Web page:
3. Getting Back to Basics: A Student Library Orientation Tour

    Science.gov (United States)

    Sciammarella, Susan; Fernandes, Maria Isabel

    2007-01-01

    In developing a Library Orientation Tour, it is important to be perceptive about the needs of a college population. At Queensborough Community College the student population is a mix of traditional and non-traditional students from diversified backgrounds. The initial contact with the Library, and its resources, may be overwhelming for students…

  4. Visitor Learning on Guided Tours: An Activity Theory Approach

    Science.gov (United States)

    Robinson, Lily Beatrice

    2016-01-01

    Guided tours, field trips, and other non-formal learning experiences occur in a variety of settings such as museums, parks, civic buildings, and architectural landmarks for the purpose of educating the public. This study yielded four main findings. (1) Program educational goals were visitor awareness, positive affective experience, and advocacy.…

  5. Text Version of the Indoor Air Quality House Tour

    Science.gov (United States)

    Get a quick glimpse of some of the most important ways to protect the air in your home by touring the Indoor Air Quality (IAQ) House. Room-by-room, you'll learn about the key pollutants and how to address them.

  6. 14 CFR 136.39 - Air tour management plans (ATMP).

    Science.gov (United States)

    2010-01-01

    ... 14 Aeronautics and Space 3 2010-01-01 2010-01-01 false Air tour management plans (ATMP). 136.39... management plans (ATMP). (a) Establishment. The Administrator, in cooperation with the Director, shall... of decision. (d) Procedure. In establishing an ATMP for a national park or tribal lands, the...

  7. Virtual Tour Environment of Cuba's National School of Art

    Science.gov (United States)

    Napolitano, R. K.; Douglas, I. P.; Garlock, M. E.; Glisic, B.

    2017-08-01

    Innovative technologies have enabled new opportunities for collecting, analyzing, and sharing information about cultural heritage sites. Through a combination of two of these technologies, spherical imaging and virtual tour environment, we preliminarily documented one of Cuba's National Schools of Art, the National Ballet School.The Ballet School is one of the five National Art Schools built in Havana, Cuba after the revolution. Due to changes in the political climate, construction was halted on the schools before completion. The Ballet School in particular was partially completed but never used for the intended purpose. Over the years, the surrounding vegetation and environment have started to overtake the buildings; damages such as missing bricks, corroded rebar, and broken tie bars can be seen. We created a virtual tour through the Ballet School which highlights key satellite classrooms and the main domed performance spaces. Scenes of the virtual tour were captured utilizing the Ricoh Theta S spherical imaging camera and processed with Kolor Panotour virtual environment software. Different forms of data can be included in this environment in order to provide a user with pertinent information. Image galleries, hyperlinks to websites, videos, PDFs, and links to databases can be embedded within the scene and interacted with by a user. By including this information within the virtual tour, a user can better understand how the site was constructed as well as the existing types of damage. The results of this work are recommendations for how a site can be preliminarily documented and information can be initially organized and shared.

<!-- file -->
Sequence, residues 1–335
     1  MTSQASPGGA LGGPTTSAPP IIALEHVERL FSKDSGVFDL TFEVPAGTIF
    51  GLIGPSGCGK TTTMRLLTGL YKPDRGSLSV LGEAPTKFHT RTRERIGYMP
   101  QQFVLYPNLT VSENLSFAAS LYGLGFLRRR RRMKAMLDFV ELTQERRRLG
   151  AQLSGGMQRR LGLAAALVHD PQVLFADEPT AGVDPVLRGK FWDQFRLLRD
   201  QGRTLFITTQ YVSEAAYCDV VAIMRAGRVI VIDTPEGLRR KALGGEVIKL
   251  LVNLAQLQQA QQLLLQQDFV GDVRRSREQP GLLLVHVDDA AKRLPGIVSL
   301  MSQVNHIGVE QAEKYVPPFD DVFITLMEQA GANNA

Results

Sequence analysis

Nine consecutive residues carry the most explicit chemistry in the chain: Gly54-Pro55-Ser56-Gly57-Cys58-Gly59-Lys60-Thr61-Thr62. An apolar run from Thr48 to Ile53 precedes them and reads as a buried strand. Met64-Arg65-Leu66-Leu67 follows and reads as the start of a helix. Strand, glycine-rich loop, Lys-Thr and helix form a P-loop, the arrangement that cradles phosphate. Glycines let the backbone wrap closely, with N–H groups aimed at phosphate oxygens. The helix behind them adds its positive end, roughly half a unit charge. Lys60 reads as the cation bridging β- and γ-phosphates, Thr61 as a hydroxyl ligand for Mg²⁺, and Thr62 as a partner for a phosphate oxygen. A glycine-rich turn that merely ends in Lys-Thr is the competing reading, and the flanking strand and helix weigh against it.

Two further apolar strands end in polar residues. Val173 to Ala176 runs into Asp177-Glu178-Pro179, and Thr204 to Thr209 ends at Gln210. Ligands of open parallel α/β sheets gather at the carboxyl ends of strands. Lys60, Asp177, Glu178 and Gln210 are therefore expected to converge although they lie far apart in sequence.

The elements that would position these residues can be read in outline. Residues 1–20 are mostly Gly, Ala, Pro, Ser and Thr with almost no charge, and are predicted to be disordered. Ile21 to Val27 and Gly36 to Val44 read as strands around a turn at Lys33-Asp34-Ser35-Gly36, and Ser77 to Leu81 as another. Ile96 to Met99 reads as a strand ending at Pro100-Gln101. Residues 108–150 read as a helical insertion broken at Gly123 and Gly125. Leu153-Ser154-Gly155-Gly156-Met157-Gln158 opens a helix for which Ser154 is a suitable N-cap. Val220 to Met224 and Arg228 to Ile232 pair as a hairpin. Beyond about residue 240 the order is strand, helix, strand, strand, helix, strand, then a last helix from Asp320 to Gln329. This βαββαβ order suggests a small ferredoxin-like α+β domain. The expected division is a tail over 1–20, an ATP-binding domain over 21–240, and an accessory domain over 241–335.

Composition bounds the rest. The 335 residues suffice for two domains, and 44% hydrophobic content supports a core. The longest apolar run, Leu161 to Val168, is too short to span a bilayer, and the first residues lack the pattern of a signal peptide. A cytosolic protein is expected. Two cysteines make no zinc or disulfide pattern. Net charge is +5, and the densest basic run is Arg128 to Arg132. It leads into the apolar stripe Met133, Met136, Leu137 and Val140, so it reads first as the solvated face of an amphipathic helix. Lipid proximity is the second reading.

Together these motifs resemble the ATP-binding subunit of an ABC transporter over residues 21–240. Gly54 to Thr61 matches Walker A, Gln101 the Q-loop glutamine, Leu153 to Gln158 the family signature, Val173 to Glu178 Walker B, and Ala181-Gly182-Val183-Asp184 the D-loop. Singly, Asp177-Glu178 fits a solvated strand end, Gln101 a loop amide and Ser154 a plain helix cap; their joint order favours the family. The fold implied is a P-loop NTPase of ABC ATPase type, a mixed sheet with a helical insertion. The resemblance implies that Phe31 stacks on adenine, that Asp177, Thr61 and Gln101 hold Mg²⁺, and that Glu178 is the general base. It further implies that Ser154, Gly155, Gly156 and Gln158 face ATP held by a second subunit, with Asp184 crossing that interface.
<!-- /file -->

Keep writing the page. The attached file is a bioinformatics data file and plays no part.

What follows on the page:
8. Assessment and management of risk to wildlife from cadmium

    International Nuclear Information System (INIS)

    Burger, Joanna

    2008-01-01

    Cadmium, a nonessential heavy metal that comes from natural and anthropogenic sources, is a teratogen, carcinogen, and a possible mutagen. Assessment of potential risk from cadmium requires understanding environmental exposure, mainly from ingestion, although there is some local exposure through inhalation. Chronic exposure is more problematic than acute exposure for wildlife. There is evidence for bioaccumulation, particularly in freshwater organisms, but evidence for biomagnification up the food chain is inconsistent; in some bird studies, cadmium levels were higher in species that are higher on the food chain than those that are lower. Some freshwater and marine invertebrates are more adversely affected by cadmium exposure than are birds and mammals. There is very little experimental laboratory research on the effects of cadmium in amphibians, birds and reptiles, and almost no data from studies of wildlife in nature. Managing the risk from cadmium to wildlife involves assessment (including ecological risk assessment), biomonitoring, setting benchmarks of effects, regulations and enforcement, and source reduction